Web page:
Brill Publishing Vows to Bring Prices down to Earth

Well, maybe not completely, but it is nice when a publisher takes the time to respond to you on twitter (very publicly):

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I’m not asking for the world, of course, but I do hope they do something like T and T Clark with their pdfs or even go to kindle (shoot, or Logos). Brill has some awesome books, to be frank, and for the academic, you can’t beat their quality. Living in Charleston, West Virginia, I do not have access to a real academic library geared to academic study of religion. So, I buy my books. Wish I could buy more of Brill’s, especially this one.

Anyway, just wanted to share for all of those like me who want Brill books but refuses to sell anymore children to get them.

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3 Replies to “Brill Publishing Vows to Bring Prices down to Earth”

  1. Their response makes it sound like their high prices are something they can’t control, but how then do you explain their raising the prices on their *back* catalog — that is, on books that are already printed?

    I’ve had bad experiences dealing with the Brill people. Years ago they made a ridiculous misprint in an article I wrote, and when the editor of the journal asked them to apologize in the next issue, they refused to do so.

  2. Hi there,

    I know this post is from last April, but given this morning’s re-tweet, I wanted to take a moment to explain our pricing model and give an update on what we are doing to make our titles more accessible to individuals.

    Brill monographs, edited volumes, reference works, journals and online resources are priced for the institutional market. This allows us to publish highly specialized scholarly content that is crucial to niche areas of research, even though that content is often subject to a very limited market. While prices are undoubtedly high, our pricing model allows us to continue to publish in these niche areas, even in cases where the number of researchers in the world concerned with a particular topic is extremely limited.

    In addition, we are making an effort to make our products more accessible to individuals, which include:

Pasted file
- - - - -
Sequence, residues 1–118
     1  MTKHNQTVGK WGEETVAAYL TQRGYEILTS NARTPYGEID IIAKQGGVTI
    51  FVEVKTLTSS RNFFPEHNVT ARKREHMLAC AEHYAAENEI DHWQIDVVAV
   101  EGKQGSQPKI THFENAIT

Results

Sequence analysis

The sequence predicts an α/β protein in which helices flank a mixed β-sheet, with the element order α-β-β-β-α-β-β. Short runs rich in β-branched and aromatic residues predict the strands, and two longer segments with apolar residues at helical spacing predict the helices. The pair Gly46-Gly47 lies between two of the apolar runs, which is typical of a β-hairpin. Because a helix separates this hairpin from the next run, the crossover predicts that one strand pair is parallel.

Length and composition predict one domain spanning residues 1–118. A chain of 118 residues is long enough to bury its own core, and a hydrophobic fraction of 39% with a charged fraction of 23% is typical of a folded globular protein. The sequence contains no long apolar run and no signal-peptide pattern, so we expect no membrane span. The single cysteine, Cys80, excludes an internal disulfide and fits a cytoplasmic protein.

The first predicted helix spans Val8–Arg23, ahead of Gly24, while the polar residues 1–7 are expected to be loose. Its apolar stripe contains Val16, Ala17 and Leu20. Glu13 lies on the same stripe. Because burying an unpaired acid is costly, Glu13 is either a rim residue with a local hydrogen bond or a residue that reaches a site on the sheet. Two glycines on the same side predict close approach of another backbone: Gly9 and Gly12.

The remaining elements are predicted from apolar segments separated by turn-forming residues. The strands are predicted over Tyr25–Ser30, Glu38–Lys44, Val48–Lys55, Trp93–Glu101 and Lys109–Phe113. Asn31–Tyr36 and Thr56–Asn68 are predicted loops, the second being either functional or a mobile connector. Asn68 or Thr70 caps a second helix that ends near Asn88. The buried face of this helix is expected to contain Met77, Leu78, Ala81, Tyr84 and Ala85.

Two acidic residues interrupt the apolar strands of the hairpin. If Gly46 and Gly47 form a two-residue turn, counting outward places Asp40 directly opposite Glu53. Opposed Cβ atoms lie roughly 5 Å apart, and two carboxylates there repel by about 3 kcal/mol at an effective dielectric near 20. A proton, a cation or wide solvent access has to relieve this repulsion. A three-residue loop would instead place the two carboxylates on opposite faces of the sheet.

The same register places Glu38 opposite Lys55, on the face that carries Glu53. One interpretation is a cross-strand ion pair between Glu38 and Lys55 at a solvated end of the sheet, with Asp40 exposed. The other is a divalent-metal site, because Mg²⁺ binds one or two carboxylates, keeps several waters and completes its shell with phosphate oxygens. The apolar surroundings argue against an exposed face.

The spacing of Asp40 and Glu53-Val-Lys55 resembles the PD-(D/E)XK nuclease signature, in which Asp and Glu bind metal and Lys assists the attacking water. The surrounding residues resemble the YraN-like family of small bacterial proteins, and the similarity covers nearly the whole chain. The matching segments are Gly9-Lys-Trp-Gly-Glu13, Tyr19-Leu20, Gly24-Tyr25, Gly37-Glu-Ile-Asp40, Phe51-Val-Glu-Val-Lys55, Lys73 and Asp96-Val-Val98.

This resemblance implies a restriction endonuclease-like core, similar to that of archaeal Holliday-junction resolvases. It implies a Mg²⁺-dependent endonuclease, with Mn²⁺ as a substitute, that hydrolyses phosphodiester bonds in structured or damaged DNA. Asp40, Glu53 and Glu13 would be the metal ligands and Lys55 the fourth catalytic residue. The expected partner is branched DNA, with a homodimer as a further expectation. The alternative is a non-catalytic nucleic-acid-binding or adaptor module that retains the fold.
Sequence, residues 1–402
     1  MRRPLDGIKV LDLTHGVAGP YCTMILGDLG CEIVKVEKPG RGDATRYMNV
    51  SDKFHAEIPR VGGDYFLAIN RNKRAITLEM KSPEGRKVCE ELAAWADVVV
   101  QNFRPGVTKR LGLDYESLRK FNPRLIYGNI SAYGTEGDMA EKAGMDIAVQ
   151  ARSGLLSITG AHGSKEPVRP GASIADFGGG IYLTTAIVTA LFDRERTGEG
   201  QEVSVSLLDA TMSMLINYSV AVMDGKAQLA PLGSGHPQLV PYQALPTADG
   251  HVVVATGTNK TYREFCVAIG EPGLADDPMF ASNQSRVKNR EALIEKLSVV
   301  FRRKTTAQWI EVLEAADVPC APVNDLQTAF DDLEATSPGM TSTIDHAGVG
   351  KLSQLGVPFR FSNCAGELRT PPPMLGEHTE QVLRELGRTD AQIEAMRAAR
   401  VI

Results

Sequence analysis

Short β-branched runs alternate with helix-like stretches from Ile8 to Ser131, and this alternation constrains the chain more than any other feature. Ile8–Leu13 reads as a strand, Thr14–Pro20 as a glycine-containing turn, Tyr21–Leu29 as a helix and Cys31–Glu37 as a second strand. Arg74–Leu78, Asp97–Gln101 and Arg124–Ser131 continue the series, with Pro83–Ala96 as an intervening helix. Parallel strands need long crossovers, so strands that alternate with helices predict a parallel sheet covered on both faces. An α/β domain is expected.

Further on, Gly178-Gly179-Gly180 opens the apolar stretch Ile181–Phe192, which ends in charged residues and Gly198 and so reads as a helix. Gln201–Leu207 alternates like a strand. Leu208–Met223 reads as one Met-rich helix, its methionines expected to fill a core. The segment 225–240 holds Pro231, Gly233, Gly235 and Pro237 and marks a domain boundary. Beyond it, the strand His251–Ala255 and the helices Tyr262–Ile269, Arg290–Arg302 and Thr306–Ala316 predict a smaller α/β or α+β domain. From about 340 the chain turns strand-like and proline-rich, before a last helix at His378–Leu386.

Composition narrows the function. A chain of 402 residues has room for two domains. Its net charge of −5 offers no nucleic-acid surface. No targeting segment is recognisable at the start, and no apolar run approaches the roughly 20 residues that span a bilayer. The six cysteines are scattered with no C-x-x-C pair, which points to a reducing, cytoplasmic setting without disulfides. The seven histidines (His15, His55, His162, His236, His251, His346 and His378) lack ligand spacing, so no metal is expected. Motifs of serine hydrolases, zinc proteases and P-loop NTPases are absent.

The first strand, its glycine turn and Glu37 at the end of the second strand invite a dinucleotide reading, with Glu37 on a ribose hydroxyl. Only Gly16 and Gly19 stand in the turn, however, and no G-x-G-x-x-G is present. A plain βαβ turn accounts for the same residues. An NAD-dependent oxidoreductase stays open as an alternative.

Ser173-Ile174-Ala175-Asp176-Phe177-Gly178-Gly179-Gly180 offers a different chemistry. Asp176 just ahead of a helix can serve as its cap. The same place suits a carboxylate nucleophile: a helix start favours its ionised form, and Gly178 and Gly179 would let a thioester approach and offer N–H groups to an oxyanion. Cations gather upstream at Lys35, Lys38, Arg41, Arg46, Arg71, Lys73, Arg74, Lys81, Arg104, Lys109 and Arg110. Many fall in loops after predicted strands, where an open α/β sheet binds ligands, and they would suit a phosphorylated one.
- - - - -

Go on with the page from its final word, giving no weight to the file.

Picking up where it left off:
We recently launched a new program – Brill MyBook – that allows any individual with access to an e-book to buy a paperback print-on-demand copy for EUR 25 / $25. Learn more:

    Our new initiative Free Access 4 U gives individuals free access to new journals. Learn more:

    • We have expanded our activities in Open Access Publishing:
    • View the details about Brill Open, our Open Access model, here:
    • Browse the Brill Open e-book collection online:
    • Brill participated in the open access program OAPEN (Open Access Publishing in European Networks) – a collaborative initiative to develop and implement a sustainable Open Access publication model for academic books in the Humanities and Social Sciences. View Open Access titles included in the program:;f1-publisher=Brill

    We launched Brill’s Paperback Collection, where classic Brill titles are made available in soft cover at more affordable prices. The price points are EUR 37.00 and $49.50. See an overview of titles here:

    Our new reference works, bibliographies and primary sources platforms, accessible via, allow individuals to purchase time-limited access to all content, enabling end-users to take advantage of the extensive resources at a reasonable price:

    We understand your criticism about our prices, and we are aware that you are not alone in holding these views. At the same time, I hope this response helps clarify why our products are priced as they are. I also want to convey that we are aware of the negative effects of this approach, and we continue to work on strategies to maintain our mission. If you have any further questions or comments, please don’t hesitate to contact me directly.

    Best wishes,

    Lauren Danahy
    Webmaster | Web Marketing Manager

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